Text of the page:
Why I still keep my maternity clothes

I'm not having any more babies, but I want to remember the moment I finally knew I would successfully deliver one

By Toby Jarman

Published April 1, 2011 9:01PM (EDT)

Why do I still have maternity clothes in my closet? My oldest is almost 7, I'm in my 40s, and the baby factory is most decidedly closed. Plus, it's not like there's a lot of room for those old clothes around here. Do I really need a "formal" black velveteen-and-satin smock? Or those colossal striped tank tops? Or those jeans with the big stretchy panel around the waist? 

Of course I don't. But for some reason, these clothes are as precious to me as my baby's first six pairs of shoes. (Which I also still have.)

I know we're supposed to hastily shed our maternity clothes in shame because -- the horror -- we used to be fat. But I'll confess: I loved my pregnant body. I probably loved it more than I loved my 20-something single girl body, or even my teenage body. Shopping at Motherhood Maternity was more exciting than shopping at Nordstrom in those days. Seriously.

For one thing, pregnancy is the only time in a woman's life when a big belly is considered an asset. I'd spent my entire clothes-shopping career trying to minimize that belly. But in pregnancy it was tight, round, ripe and gorgeous -- bare in prenatal yoga class, peeking from tank tops on the beach. Even under a plain old maternity T from Target, it was a good look for me.

But that's not the only reason why I hang onto these clothes.  

My path to motherhood was one big obstacle course. It took nearly two years of trying. Early miscarriages, one after the other, dragged our marriage and my sanity through the trenches. Month after month of inconsolable sadness, feeling saturated with pain and disappointment that never seemed to get familiar or easier no matter how many times we'd been through it before.

And then, just like that, I got pregnant and stayed pregnant. Months passed before I truly believed a real baby would actually show up. Not knowing how long the pregnancy would last, I savored every wave of nausea, every spiral of exhaustion. I spent my sleepless nights trying to visualize the cloudy little being inside me that might or might not grow into my child. This was no pink-cloud pregnancy. It was some dark, primordial fog, always uncertain.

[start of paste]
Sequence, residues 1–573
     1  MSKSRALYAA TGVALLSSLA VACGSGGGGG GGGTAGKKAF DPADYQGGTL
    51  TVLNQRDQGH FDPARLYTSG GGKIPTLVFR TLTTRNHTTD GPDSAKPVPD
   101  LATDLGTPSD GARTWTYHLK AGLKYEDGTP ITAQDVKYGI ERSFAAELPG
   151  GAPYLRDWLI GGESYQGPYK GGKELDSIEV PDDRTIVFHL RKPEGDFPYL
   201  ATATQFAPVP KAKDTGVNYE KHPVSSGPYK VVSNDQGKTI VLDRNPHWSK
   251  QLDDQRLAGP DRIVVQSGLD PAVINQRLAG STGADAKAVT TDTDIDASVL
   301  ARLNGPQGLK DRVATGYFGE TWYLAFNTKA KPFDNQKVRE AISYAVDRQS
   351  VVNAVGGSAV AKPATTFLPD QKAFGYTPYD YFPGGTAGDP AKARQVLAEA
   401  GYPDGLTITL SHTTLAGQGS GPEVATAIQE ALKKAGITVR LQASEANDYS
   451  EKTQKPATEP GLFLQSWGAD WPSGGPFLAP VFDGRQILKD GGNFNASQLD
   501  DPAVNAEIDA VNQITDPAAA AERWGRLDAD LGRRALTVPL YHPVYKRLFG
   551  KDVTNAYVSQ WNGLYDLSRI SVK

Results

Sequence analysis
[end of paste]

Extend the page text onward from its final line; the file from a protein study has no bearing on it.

But during this time, I was also checking out pregnancy magazines and taking my first tentative steps into the baby-gear stores. That juxtaposition of miscarriage fears and pastel-colored baby bibs was incredible. It was as if, right in the middle of "Black Swan," the Muppets pop out for a musical number. It was "We Three Kings" played back-to-back with "Feliz Navidad."

But as the months went by and my pregnancy stayed healthy, it became clear that the baby really would be born. I really would be a mother. I was shopping for my baby just like any other expectant mom, and it felt like a small miracle.

That first time I dared to set foot in a maternity store and actually carried those clothes to the front, paid for them and took them home, it felt downright revolutionary to me. Yes. I get to have a baby too. I get to participate in this crazy retail ritual too.

For me, pregnancy was more than just a fat, nauseous means to an end. And even though the clothes may be silly, they're also a symbol of my crossing over from the dark, sad, uncertain world of miscarriages toward actual parenthood. It was a time of incredible optimism and gratitude. Maternity jeans are so much less dowdy when you never thought you'd have the opportunity to need them. Even that big ridiculous drawstring has a special place in my heart. I guess that's worth the few feet of closet space they take up. 

Toby Jarman

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